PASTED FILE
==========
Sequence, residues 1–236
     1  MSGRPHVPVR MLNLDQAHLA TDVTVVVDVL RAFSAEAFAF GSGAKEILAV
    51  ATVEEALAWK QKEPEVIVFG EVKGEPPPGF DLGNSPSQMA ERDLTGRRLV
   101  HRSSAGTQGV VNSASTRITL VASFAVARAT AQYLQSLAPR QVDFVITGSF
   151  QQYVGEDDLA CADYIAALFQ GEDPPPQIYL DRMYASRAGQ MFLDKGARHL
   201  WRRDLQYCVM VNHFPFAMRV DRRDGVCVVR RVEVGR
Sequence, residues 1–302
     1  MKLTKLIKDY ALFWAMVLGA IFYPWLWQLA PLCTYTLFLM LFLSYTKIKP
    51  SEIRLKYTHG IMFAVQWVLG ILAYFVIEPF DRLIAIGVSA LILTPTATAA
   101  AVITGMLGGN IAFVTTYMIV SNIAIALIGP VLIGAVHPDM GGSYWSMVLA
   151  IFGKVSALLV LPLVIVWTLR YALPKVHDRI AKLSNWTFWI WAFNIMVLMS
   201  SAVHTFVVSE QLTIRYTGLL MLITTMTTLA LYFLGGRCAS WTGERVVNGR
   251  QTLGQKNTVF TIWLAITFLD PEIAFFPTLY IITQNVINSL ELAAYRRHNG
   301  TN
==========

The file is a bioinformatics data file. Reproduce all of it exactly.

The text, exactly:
Sequence, residues 1–236
     1  MSGRPHVPVR MLNLDQAHLA TDVTVVVDVL RAFSAEAFAF GSGAKEILAV
    51  ATVEEALAWK QKEPEVIVFG EVKGEPPPGF DLGNSPSQMA ERDLTGRRLV
   101  HRSSAGTQGV VNSASTRITL VASFAVARAT AQYLQSLAPR QVDFVITGSF
   151  QQYVGEDDLA CADYIAALFQ GEDPPPQIYL DRMYASRAGQ MFLDKGARHL
   201  WRRDLQYCVM VNHFPFAMRV DRRDGVCVVR RVEVGR
Sequence, residues 1–302
     1  MKLTKLIKDY ALFWAMVLGA IFYPWLWQLA PLCTYTLFLM LFLSYTKIKP
    51  SEIRLKYTHG IMFAVQWVLG ILAYFVIEPF DRLIAIGVSA LILTPTATAA
   101  AVITGMLGGN IAFVTTYMIV SNIAIALIGP VLIGAVHPDM GGSYWSMVLA
   151  IFGKVSALLV LPLVIVWTLR YALPKVHDRI AKLSNWTFWI WAFNIMVLMS
   201  SAVHTFVVSE QLTIRYTGLL MLITTMTTLA LYFLGGRCAS WTGERVVNGR
   251  QTLGQKNTVF TIWLAITFLD PEIAFFPTLY IITQNVINSL ELAAYRRHNG
   301  TN